Rapid increase in Lone Parents on JSA. Can the Work Programme make a difference?

The number of Lone Parents on JSA has risen to over 120,000 from less than 10,000 in  the last four years, and will go up again over the next 12 months. (See previous blog for details.)

The rise comes in the main from the changes to benefits, which have moved lone parents off Income Support and on to JSA as their children were at first 12, then 10, then seven and now five. This means they have to be actively seeking work and move on the the Work Programme after a year.

Because 9 out of 10 lone parents are women this group has added to the total number of unemployed women, which has in turn hit a record in recent months, even as male joblessness had begun to dip.

The Work Programme will therefore be receiving an increasing number of women, as a total, and percentage of the whole. And many of these will be looking for part-time work because they need childcare for increasingly younger children.

Providers will know that lone parents attract the same level of financial support as other candidates on JSA,even though they may have additional needs. This can lead to tensions if lone parents look like difficult candidates to place. But without support there can be devastating long term effects, not just for the parent but for their families too. Children in workless households suffer from more than just lack of money.

What can Work Programme providers do?

1: Source the jobs
Use your sales teams to identify more part-time work.The majority of lone parents with children at primary school will need at least some flexibility, or shorter hours. Even a small increase in the number of suitable-hours part-time jobs sourced will help your adviser teams place more candidates in to sustainable work.

2: Increase employability
A parent who has not worked for years will need some time and extra support to build their new more employable CV. Short courses, opportunities to gain suitable experience, enjoyable voluntary work, confidence building and hand holding all make a difference. This can take time, and so advisers with a high number of lone parent clients may need more time to meet their targets.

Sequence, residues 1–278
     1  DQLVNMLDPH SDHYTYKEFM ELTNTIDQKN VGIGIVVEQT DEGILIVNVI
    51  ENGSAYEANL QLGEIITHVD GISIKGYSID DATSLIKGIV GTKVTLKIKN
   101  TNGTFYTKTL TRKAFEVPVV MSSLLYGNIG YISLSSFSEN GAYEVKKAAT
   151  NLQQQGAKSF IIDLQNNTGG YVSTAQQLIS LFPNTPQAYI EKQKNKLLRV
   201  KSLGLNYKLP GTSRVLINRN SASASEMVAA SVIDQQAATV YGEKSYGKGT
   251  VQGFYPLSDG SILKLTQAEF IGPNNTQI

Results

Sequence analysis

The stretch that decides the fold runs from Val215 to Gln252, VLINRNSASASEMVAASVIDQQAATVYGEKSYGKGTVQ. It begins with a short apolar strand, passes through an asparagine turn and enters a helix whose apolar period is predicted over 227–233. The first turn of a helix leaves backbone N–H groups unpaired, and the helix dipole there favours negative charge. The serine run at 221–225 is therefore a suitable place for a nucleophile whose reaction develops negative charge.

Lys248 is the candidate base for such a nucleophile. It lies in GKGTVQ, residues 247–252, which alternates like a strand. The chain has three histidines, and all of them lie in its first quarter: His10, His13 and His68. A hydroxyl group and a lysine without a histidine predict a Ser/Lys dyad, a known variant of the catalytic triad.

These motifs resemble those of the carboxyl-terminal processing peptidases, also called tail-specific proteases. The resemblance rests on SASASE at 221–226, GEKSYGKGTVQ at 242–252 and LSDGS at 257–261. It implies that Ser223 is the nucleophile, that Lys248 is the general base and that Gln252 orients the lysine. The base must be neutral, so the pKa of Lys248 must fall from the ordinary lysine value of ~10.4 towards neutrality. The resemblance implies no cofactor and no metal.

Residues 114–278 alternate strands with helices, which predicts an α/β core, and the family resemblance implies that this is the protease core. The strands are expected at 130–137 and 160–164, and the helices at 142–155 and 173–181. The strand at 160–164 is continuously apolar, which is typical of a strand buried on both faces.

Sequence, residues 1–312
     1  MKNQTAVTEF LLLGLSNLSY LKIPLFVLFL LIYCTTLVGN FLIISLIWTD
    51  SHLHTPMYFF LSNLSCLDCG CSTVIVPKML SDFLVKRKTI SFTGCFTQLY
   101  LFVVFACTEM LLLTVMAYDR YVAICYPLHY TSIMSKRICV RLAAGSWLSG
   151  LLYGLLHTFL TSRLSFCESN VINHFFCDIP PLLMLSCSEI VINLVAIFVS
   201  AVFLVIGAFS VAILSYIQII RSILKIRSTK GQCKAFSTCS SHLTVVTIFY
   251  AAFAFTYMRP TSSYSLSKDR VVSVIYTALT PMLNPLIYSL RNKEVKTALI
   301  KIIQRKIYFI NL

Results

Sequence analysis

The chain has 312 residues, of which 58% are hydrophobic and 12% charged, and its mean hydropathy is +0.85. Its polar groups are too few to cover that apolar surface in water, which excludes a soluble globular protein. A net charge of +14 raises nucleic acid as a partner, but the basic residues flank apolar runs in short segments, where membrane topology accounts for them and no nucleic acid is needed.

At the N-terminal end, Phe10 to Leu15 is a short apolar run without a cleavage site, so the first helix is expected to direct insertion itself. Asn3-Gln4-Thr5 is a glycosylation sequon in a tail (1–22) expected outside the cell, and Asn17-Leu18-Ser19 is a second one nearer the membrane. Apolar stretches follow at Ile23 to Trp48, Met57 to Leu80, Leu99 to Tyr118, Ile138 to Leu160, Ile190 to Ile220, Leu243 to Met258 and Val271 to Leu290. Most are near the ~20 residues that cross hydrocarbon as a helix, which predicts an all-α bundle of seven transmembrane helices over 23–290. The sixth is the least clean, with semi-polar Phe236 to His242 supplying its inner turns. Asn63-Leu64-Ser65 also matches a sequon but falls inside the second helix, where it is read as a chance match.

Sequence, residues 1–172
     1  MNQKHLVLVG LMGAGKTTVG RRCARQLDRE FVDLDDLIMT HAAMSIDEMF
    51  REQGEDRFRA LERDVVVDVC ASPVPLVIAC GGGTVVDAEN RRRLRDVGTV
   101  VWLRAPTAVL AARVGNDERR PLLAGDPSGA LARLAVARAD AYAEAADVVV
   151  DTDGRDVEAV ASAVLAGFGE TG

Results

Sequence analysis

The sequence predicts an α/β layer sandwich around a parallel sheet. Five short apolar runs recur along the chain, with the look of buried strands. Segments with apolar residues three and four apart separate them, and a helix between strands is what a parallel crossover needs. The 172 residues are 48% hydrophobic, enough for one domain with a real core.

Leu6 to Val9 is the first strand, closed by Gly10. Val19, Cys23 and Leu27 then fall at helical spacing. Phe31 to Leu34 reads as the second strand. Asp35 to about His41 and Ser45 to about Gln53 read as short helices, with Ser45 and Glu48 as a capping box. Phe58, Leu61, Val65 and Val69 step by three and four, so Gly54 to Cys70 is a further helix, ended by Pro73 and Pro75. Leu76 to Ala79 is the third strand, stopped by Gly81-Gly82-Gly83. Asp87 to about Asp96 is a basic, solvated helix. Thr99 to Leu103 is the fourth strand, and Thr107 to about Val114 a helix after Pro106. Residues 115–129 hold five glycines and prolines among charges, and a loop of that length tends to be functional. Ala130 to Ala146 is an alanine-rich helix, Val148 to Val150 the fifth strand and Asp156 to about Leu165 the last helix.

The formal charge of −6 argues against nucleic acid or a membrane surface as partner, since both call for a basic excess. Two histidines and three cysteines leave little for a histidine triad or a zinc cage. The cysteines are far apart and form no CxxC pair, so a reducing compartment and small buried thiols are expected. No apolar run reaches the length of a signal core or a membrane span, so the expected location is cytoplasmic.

3: Train your staff
Lone Parents have a lot of questions that need to be answered before they can feel confident to going back to work. Will I be better off? What childcare is available? How many hours do I need to work to claim Working Tax Credit? Will I get help Paying for childcare. Are there any part time jobs in this area? Can I get a job with out experience or qualifications? Your staff will need to know the answers. Good links with local support organisations can be vital.

4: Build your Organisation’s expertise
Organisations who are prepared for this change will provide a more effective service. Make sure that staff in different departments know that there will be more women attending sessions, and more people with children who need help. Make sure your organisation is providing support where it is needed. For example EOS in Tipton have women only gym sessions in school hours at their Employment Centre.

5: Know your your area.
The numbers are not the same across the country. Urban areas are dealing with bigger increases than rural, with London, the Midlands, the North East and North West showing the highest rates.

6: And finally, think to the Future –
Universal Credit is just round the corner!

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